I live in a house where someone died. They died in the same room I sleep in each night! Who knows, I might even sleep on the very spot that he took his fated last breath. Yet… I got nothing.

So why is it I can still be scared or hypnotized by the idea of a ghost? Heck, when I saw Paranormal Activity I was up for days, every bump was enough to wake me up fully.

“This is ridiculous, Scott,” I mumbled to myself again and again. “This is absolutely ridiculous. There is no such thing as ghosts. No such thing… What was that noise?!” Continue reading

Where My Head Is At

HeadRandomness from the last few days…

Do both Paul and Ringo dye their hair? They are both in their 70s so the answer is probably yes. My wife also believes Ringo dyes his beard. How does one do that?

Because of the Disney film Tarzan, my kids like to run around in their underwear. I’m still working on my counter-argument to this practice because it is kind of hilarious.

I’ve locked down the Table of Contents for my new nonfiction book Me Stuff. Started with two hundred posts (I’ve done over 520 on this site total), then cut it down to 70. Now I’m ending at 30 or so.

I think Georgia font is pretty friendly. I want a friendly font for Me Stuff, one that says, “Sit down, I have a story to tell.” Continue reading

Five Things I Am Into Right Now, January 2014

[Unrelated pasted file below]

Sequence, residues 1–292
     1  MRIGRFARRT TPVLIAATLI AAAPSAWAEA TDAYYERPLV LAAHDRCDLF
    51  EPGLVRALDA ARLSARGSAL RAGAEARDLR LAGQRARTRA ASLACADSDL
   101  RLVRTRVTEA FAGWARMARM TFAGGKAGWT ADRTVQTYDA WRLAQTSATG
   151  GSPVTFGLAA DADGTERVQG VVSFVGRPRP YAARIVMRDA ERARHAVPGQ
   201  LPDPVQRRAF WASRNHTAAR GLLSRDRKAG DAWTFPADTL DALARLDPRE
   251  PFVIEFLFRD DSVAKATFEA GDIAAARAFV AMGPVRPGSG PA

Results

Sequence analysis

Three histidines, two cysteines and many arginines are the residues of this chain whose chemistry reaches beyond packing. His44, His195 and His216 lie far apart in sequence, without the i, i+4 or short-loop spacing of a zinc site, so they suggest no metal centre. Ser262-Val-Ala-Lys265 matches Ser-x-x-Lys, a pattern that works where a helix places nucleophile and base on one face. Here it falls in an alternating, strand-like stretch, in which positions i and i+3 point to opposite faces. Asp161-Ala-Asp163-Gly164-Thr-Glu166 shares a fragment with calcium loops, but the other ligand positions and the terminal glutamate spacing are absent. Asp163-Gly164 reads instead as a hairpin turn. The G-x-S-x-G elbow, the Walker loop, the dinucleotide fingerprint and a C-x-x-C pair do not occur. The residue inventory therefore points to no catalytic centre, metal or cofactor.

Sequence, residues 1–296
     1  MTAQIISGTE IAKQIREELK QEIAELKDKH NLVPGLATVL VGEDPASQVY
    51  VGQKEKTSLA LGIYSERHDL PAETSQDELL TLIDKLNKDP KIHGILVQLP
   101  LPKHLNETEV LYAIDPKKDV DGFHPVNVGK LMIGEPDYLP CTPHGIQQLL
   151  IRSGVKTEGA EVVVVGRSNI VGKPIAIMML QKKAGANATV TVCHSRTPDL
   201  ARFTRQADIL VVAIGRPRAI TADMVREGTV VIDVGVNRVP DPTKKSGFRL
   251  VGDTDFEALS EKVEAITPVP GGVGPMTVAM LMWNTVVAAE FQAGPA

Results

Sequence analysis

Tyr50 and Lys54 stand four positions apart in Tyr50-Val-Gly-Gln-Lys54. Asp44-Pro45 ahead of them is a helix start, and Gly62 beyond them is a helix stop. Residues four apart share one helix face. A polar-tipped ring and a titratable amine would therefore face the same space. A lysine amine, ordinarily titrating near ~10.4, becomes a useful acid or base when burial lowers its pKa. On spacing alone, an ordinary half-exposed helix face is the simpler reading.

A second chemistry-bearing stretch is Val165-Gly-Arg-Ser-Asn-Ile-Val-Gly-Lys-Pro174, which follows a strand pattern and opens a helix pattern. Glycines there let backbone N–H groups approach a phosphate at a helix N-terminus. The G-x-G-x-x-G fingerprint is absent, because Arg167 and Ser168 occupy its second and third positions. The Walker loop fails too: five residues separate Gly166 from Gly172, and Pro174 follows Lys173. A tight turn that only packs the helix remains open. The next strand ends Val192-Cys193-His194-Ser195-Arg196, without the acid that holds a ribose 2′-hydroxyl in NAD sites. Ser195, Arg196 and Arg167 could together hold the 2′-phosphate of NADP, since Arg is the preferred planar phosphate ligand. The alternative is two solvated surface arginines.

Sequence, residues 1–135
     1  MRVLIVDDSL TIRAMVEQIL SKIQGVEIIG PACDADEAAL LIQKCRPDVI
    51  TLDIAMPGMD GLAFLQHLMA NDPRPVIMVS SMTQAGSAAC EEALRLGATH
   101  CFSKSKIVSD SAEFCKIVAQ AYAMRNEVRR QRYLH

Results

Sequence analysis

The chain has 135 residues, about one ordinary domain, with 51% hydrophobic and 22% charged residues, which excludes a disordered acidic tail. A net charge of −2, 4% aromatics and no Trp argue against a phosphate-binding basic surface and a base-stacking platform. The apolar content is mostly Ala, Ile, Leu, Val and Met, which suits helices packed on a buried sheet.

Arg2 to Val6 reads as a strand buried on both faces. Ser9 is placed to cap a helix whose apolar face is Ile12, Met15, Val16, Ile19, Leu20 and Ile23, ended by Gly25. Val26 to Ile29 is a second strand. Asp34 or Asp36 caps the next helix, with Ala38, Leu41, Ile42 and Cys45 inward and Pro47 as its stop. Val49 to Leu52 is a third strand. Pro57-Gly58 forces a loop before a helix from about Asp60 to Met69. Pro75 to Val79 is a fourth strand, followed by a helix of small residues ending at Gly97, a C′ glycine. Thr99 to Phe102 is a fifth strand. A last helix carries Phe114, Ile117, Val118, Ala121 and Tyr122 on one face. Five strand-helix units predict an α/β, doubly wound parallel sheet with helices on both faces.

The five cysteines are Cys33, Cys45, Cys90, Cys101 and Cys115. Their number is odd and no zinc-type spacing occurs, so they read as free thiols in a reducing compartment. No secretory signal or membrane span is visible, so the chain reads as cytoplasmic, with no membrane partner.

SnowflakeThis is the first time I have hated a winter.

When I lived in Los Angeles, I used to complain about the lack of seasons. It threw off my natural clock! I couldn’t feel the shift in the world, in my mood and energy that came with the seasons. And when “winter” did come around in that warm land, I would dream beautiful dreams of perfect white snow.

Now, with this harsh winter, Jack Frost and Suzy Snowflake can both go suck it.

I want warm weather.

I want to lay on a beach and get a sunburn. I want to pretend again that wearing a long sleeve shirt is a “cold” weather day. Oh, LA, I am so sorry. Take me back!

This month’s list has one overlapping theme to all of my selection… They involve things that help distract you when you are stuck inside for long periods of time. Don’t believe me? Check out my first choice! Continue reading

On WKAR: Talking About Banned Books Week

Current StateI did something a little different this week in my appearance on WKAR’s Current State. Instead of sharing a new book review, I decided to take on the idea of Banned Books Week. I try to explain both sides of the issue, and offer my option for tackling “unwanted” books.  I’m pretty proud of this piece, I hope you will check it out.

You can listen to my discussion via this link- http://wkar.org/post/book-review-banned-books-week